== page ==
We relish our nature photography most when we find new places, and get to interpret them our way.
Kana kopi bay is a picturesque anchorage tucked in-between tall mountains at the entrance to Milne Bay, a peaceful stopover on the way to Alotau the capital of the Western province of Papua New Guinea.
Here the sea is usually flat and like most places in PNG hard corals and seagrass grow to where the mangroves dip their toes in the clear water.
Beautiful reflections lay over the glassy surface.
I loved it when a banana boat travelled across the entrance sending repeating ripple patterns scurrying down the Bay to my awaiting camera lens.
There is no need to mess with scuba gear here at Kana Kopi.
We like the free feeling of just a snorkel and fins, and being able to play around in the shallows for hours on end.
I fitted my camera with a 16mm fisheye lens and what a magical perspective it was seeing the sky smiling down through the mangrove roots. A 170mm dome was fitted over my Nexus housing and Nikon 750 DSLR camera. It worked but a broader 200mm plus dome would have made it easier.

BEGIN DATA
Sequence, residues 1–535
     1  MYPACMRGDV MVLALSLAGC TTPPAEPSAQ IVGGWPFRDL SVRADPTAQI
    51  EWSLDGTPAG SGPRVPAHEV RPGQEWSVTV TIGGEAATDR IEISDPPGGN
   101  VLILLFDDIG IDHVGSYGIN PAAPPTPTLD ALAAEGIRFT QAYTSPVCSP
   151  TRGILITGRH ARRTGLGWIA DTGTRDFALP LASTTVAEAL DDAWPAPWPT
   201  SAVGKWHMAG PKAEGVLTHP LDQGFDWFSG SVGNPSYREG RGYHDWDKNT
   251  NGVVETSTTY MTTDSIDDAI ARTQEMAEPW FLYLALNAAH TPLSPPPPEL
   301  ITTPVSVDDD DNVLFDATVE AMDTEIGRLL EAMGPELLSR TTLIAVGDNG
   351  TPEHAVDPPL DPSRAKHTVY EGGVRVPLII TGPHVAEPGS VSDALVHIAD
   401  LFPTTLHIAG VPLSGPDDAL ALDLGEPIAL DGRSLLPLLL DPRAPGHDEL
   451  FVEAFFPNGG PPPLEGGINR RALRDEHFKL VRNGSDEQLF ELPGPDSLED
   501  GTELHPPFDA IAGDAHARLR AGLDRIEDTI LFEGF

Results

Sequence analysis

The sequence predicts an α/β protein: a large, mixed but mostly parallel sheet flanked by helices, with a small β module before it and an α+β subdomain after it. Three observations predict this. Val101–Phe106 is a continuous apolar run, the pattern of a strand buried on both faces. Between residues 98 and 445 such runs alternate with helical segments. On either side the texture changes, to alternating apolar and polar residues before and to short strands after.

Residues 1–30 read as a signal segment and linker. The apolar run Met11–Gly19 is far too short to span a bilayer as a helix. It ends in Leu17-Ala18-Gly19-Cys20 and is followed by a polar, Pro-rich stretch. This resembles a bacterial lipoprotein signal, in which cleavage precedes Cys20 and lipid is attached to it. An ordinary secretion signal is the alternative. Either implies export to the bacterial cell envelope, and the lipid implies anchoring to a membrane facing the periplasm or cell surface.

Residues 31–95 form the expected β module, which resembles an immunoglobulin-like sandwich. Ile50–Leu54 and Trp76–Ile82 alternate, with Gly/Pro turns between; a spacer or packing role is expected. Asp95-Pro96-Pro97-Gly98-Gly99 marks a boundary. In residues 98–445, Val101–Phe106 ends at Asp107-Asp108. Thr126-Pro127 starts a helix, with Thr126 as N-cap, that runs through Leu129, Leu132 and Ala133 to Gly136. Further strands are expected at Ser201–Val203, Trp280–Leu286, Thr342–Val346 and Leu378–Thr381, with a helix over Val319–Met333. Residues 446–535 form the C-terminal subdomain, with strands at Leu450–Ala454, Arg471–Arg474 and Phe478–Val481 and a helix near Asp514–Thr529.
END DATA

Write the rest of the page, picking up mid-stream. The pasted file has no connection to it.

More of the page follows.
While taking in the seascape, what appeared to be a flying carpet almost bumped into me. It was the biggest Polyclad flatworm I had ever seen—230 mm (9 inches) long. We hung around together for quite some time; it would swim, crawl across the bottom, and occasionally attach itself to a mangrove root. It had a small tear through the centre of its body but was in good spirits, and we got to be friends although I never did get its name. I could have discovered a new species, that would be cool.
Snorkelling along the edge with the 60mm macro lens was equally rewarding.
There was quite a few unusual species of little fish, slugs, and shrimp. I never saw my humongous flatworm again but the smaller Maiazoon orsaki were plentiful, and it was fascinating watching them swimming between mangroves and clinging to branches.
Coming from tropical Australia, it was different to be able to snorkel around mangroves without having to worry about crocodiles
. Visibility was also much better, although I needed to be careful not to touch down to prevent a dirt cloud erupting.
We had a relaxing time here. Sheltered bays like this usually have the demands of a village community, but here it’s just a couple of family’s, and they seldom visit.
*For more information about Milne Bay proper and details of Kana kopi click here to see my last year’s story.
if you would like to see more of our stories of the Milne Bay province PNG go to destinations and scroll thru to:
Louisiades Sept 2016
Tawali resort refuge Nov 2016
Nuakata Islands Dec 2016
Conflict Islands Dec 2016
Milne bay South 2017
Inside Milne bay Nov 2016
*If you would like to read further about Marine Flatworms click here
*For a good site if you wish to learn more on underwater photography including over-unders click here